LONDON: Lauding Lord Swraj Paul and his family, Britain’s former Prime Minister Gordon Brown has said their “dynamism and contribution” to the community has changed the lives of many people across several countries.
Brown praised the leading NRI industrialist and his family while addressing an event at London Zoo yesterday in memory of Paul’s daughter Ambika and son Angad Paul, who tragically passed away last year.
“One of the great, special families of our time and our generation is the Paul family,” said Brown, currently the United Nations’ Special Envoy for Global Education.
“There are a few great families in this world whose enterprise has created jobs for thousands of people, whose charitable work has made life better for perhaps millions of people. There are few very special families whose dynamism and contribution to the community has changed the lives of so many people, not just in one country but working in many countries — India, America and elsewhere to enrich our lives,” he said.
The Labour party stalwart also paid tribute to Ambika Paul, who died of leukaemia when she was just four-years-old in 1968 and for whom one of her “great joys during her short life” was her ability to go around the London Zoo.
“And so in memory of her life, throughout these last 40 years, the Paul family has made it possible for millions of children to enjoy the surroundings of this zoo,” he said, in reference to Lord Paul’s generous donations to the zoo over the years.
“We also celebrate today the life of Angad Paul, a brilliant man with huge achievements in the film industry, steel industry, motor car industry. Not just in Britain, but in Europe, America and in the Indian subcontinent too,” Brown said in reference to the Caparo Group’s former CEO who passed away last November.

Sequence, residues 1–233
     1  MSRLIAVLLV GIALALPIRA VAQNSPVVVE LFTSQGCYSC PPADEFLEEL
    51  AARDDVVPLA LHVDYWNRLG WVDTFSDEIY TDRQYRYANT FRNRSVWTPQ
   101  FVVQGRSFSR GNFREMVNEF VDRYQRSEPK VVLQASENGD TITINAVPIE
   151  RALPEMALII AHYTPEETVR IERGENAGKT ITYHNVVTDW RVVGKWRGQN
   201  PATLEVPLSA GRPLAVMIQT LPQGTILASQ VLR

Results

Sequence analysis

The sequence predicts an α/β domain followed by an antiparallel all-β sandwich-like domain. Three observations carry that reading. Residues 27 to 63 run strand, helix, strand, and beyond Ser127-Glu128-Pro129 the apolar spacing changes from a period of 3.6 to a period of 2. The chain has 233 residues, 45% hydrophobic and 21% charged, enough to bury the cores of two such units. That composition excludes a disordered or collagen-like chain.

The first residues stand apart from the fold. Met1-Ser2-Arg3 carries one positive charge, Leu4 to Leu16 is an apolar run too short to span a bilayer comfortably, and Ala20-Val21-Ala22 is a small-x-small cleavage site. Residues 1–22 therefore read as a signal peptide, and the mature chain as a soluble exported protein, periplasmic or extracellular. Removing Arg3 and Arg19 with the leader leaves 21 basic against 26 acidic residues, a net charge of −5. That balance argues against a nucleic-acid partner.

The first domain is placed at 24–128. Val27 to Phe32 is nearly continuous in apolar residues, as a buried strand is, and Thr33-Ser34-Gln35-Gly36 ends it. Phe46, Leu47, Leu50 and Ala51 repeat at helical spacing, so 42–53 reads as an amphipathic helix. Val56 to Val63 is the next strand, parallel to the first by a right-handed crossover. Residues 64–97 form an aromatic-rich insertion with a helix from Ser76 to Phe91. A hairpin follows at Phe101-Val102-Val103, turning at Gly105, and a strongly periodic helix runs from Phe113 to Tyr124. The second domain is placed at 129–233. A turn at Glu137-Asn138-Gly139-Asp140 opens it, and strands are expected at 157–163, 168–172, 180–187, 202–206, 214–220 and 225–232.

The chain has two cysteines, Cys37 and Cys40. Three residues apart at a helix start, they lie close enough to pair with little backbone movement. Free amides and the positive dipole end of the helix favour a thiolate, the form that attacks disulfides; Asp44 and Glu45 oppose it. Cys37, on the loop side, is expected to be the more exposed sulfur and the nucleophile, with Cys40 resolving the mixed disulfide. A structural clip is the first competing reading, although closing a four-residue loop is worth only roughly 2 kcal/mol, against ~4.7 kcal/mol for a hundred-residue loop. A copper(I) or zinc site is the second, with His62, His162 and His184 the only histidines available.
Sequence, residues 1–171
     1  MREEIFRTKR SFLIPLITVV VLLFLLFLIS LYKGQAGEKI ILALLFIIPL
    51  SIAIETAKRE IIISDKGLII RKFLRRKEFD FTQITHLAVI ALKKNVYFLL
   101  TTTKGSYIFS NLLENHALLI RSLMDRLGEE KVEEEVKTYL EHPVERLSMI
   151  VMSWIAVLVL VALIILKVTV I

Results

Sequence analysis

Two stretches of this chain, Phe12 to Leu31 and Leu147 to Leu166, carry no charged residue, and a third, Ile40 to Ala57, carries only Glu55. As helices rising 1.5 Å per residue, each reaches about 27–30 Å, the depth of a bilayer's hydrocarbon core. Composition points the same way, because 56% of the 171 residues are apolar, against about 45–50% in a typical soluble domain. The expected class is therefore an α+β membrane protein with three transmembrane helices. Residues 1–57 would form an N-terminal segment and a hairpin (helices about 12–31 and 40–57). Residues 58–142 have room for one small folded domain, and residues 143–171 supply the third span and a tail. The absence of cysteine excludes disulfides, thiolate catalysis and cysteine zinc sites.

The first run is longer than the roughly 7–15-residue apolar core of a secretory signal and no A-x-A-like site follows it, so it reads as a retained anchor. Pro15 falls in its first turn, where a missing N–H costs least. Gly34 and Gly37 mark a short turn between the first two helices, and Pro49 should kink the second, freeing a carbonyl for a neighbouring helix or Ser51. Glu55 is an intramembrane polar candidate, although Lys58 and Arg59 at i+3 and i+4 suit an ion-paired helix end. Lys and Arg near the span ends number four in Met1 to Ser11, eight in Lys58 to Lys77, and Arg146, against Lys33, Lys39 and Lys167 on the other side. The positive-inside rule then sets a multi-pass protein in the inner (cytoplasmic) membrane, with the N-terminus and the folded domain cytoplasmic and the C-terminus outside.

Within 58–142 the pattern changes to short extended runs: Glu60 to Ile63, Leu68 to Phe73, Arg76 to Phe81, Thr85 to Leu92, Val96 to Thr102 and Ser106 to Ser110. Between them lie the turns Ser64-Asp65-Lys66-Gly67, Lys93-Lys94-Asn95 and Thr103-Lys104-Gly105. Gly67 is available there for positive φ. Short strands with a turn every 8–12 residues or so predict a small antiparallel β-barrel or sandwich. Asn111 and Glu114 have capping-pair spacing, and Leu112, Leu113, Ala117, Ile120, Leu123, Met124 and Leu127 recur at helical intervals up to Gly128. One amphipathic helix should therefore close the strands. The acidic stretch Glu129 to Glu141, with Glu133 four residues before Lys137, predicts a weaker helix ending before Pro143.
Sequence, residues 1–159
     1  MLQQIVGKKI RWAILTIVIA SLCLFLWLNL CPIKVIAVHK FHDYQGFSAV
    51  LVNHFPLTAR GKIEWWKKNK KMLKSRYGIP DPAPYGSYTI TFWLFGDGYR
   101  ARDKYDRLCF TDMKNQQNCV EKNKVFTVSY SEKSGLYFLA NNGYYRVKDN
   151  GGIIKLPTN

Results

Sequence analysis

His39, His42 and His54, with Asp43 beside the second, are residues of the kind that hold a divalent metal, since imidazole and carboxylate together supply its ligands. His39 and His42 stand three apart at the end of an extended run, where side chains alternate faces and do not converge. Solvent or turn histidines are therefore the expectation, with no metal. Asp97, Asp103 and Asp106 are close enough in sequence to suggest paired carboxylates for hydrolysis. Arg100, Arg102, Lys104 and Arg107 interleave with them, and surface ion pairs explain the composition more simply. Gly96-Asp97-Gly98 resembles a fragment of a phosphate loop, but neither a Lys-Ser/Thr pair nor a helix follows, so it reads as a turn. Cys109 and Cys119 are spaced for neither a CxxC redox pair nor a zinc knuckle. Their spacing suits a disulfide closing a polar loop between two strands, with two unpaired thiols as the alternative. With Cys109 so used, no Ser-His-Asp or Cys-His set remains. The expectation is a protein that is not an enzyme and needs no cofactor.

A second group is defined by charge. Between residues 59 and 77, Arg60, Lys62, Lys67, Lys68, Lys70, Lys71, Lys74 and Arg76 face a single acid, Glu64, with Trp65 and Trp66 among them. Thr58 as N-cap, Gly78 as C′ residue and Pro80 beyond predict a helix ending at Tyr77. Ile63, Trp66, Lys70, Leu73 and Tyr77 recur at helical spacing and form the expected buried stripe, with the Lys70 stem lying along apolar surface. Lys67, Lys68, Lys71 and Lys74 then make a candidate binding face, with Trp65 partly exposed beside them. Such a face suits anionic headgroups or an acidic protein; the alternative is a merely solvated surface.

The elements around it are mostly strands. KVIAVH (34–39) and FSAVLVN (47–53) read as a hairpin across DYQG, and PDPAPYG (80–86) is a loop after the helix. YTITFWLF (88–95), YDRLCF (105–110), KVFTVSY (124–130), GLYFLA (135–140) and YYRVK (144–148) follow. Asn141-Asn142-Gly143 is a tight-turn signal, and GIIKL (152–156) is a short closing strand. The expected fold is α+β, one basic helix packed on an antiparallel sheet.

Paul, in his tribute, described his children as the “light of our lives” who will be remembered with “our heartfelt love and gratitude”.
“She (Ambika) was an angel who changed our lives. After her passing, we had a son Angad, who was born two years after she died. We always saw this as a gift of god for which we were thankful. Angad was full of energy, ideas, enthusiasm and a passion for life. His life ended tragically, far too soon.
We will always remember him, just as we remember Ambika,” he said.
Paul said Angad’s inspiration really brought Caparo into the 21st Century.
“Soon after he began working at Caparo, he went to India and started building plants there and we now have more than 30 sites under the Caparo banner,” he said.